The Brits are one-upping us with a new effort to curb their own rates of obesity. The campaign, called “Junk Free Checkouts” is being led by the British Dietetic Association (BDA), Dieticians in Obesity Management (DOM UK), the Children’s Food Campaign, the British Dental Association and the publication Slimming World. The idea is simple – remove all unhealthy snacks from the checkout counter. These groups are also asking the government to force any supermarkets or food chains that don’t adopt this new policy voluntarily, to get on board.
The effort was instigated by findings from a nationwide survey that suggests that 8 in 10 shoppers are unhappy with the ample availability of sugary and high calorie drinks and snacks at most UK checkouts. In particular, parents said that they hated being pestered by their kids to buy junk food on impulse when they are checking out, and these parents also said that they found it very hard to say no.
Experts feel that these “unplanned calories” that are typically impulse buys generated by suddenly seeing a high fat, high sugar, high salt snack or drink that is positioned geographically so that it's the last thing you are seeing as you pay, are most definitely contributing to the obesity crisis in the UK. And they are also responsible for “preventable” dental decay. One of the problems this campaign will face is getting all involved parties to agree on the nutrition parameters that will determine if a food is a candidate for removal from the checkout area. These foods also sell well, contributing significant sales to the bottom line of many food stores. To remove them from the most strategic sales area will be a financially painful decision.
The British Retail Consortium currently offers the Responsibility Deal, as a pledge that retailers will voluntarily remove the agreed upon food items that are considered unhealthy from the checkout counter, and many retailers have already begun to offer healthier alternatives like fresh fruit, dried fruit, and nuts at checkout counters and also in other store sections.
While checkout counter impulse purchases are one issue that needs to be addressed, the customer’s shopping cart being wheeled around the store needs to be filled with mostly healthier choices too. There are too many opportunities to grab less nutrient-dense options throughout the store, way before you even get to the checkout counter. And those selected choices, long before you go to pay, comprise your daily diet and the bulk of your daily calories.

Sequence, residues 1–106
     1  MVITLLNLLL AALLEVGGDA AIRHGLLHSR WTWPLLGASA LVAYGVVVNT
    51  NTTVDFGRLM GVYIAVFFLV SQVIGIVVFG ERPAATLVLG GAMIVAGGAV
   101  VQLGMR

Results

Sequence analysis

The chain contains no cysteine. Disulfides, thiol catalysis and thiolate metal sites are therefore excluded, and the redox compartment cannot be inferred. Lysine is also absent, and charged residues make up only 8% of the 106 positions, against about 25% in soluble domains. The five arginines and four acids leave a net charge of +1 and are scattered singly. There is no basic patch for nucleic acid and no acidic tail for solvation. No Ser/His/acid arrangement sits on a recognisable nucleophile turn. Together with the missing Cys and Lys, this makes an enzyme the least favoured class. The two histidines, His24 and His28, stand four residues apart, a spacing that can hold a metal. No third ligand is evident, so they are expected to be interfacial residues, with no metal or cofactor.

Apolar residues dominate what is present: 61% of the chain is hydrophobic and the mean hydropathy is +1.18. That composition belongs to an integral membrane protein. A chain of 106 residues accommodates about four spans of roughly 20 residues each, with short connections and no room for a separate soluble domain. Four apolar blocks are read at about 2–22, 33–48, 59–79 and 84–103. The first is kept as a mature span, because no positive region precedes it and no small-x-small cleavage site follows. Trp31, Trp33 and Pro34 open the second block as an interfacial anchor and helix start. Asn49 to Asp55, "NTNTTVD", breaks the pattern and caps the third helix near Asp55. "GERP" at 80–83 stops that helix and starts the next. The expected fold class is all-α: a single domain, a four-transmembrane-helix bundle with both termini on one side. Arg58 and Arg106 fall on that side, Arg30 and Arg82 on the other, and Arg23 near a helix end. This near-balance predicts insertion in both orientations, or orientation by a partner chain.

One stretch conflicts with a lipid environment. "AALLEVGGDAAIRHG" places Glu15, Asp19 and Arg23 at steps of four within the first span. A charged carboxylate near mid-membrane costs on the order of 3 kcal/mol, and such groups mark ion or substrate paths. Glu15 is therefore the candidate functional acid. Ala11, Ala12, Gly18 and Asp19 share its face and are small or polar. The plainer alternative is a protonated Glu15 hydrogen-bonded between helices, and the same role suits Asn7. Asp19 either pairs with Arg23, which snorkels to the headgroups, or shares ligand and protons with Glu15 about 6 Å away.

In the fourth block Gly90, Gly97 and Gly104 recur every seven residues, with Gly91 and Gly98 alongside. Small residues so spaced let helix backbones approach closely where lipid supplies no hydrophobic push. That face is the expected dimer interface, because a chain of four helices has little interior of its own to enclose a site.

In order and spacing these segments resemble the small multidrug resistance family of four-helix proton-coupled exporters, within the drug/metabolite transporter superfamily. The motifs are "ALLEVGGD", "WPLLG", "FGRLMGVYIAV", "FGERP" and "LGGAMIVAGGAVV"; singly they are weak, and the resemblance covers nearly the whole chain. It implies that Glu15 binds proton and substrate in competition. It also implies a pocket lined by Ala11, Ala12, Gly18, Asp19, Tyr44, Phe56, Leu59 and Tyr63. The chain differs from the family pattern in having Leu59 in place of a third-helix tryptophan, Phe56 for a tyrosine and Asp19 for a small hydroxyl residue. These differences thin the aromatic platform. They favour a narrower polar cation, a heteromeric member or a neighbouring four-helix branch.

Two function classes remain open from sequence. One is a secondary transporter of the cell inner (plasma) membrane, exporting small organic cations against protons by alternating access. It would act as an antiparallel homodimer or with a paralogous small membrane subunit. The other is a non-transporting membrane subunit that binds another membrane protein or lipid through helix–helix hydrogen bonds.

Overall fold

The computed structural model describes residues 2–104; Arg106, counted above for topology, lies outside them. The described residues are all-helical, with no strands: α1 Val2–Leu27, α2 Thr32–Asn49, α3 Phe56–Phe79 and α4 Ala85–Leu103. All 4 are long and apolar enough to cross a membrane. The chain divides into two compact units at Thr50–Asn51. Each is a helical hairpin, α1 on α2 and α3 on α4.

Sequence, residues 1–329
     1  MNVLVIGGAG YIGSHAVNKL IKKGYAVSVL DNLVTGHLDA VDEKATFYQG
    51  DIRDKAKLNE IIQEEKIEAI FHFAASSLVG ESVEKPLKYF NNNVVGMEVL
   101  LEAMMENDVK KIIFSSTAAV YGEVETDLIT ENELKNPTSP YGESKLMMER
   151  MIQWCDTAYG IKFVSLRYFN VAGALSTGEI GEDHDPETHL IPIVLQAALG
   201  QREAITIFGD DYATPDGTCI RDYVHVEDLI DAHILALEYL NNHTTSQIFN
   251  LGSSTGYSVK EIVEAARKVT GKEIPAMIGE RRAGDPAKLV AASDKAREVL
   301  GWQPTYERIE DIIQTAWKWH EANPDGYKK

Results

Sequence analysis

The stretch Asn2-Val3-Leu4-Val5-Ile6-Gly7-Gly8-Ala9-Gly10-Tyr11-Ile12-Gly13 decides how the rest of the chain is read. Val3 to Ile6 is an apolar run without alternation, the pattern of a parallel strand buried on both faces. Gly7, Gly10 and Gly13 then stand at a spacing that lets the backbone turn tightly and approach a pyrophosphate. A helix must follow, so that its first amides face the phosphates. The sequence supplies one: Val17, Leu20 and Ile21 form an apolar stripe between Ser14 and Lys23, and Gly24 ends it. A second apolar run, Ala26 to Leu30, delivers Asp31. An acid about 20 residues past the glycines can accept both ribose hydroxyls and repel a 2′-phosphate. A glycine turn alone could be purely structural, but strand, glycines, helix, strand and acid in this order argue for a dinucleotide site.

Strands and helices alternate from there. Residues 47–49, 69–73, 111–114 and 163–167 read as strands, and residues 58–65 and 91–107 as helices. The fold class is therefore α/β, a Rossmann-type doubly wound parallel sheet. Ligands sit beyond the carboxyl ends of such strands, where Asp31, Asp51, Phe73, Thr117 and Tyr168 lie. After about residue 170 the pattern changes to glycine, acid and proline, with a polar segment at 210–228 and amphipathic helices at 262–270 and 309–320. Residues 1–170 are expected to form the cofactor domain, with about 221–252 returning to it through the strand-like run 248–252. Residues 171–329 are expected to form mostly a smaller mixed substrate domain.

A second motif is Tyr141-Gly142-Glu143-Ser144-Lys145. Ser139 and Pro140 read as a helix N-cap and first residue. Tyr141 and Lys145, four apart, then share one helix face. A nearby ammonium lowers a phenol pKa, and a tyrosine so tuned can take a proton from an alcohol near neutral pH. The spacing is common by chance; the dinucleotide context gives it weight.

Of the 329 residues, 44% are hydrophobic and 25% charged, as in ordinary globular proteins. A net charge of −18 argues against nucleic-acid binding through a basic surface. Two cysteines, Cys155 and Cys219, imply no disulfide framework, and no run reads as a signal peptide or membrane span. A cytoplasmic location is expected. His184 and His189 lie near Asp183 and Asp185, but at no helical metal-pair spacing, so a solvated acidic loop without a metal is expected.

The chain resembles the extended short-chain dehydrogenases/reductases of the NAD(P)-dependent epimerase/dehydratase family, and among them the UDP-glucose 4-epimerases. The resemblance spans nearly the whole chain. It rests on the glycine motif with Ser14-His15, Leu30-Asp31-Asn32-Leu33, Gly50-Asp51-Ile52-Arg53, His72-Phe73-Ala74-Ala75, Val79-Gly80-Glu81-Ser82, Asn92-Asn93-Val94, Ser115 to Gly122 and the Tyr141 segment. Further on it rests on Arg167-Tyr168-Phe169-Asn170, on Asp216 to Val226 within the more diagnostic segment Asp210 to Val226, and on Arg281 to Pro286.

So mindful shopping and impulse control are far more weighty issues to be dealt with as you navigate the aisles of your local supermarket or deli, compared to a single impulse purchase as you get ready to pay your bill. Still, some sobering statistics suggest that we really do need behavior modification and choice modification at the checkout counter:
- 78% of shoppers in the UK find junk food at the checkout counter “annoying and hard to resist.”
- 83% have been pestered by their kids to buy junk as they check out.
- 75% have "given in" and made the purchase.
- More than 90% of those queried thought that junk food at checkouts contributes to obesity.
- Most respondents felt that there is a need to remove these “bad choices” from the checkout.
- 56% would be more likely to shop at a supermarket that banned junk foods from checkouts.
- Overall, though only 4% of those surveyed said they actually complained about this issue, while 64% said they would have complained if they knew how to approach this issue appropriately and effectively.
So the question is…..Should the U.S. be the next stop for this “sales modification” approach to fighting obesity? Share your thoughts!!
Amy Hendel is a health professional, journalist and host of Food Rescue, Simple Smoothies and What’s for Lunch? Author of Fat Families, Thin Families and The 4 Habits of Healthy Families, she tweets health headlines daily @HealthGal1103. Catch her guest appearances on Marie! on Hallmark and other local and national news and talk shows.
Follow my blogs at: http://www.healthcentral.com/profiles/c/86903
Published On: September 20, 2013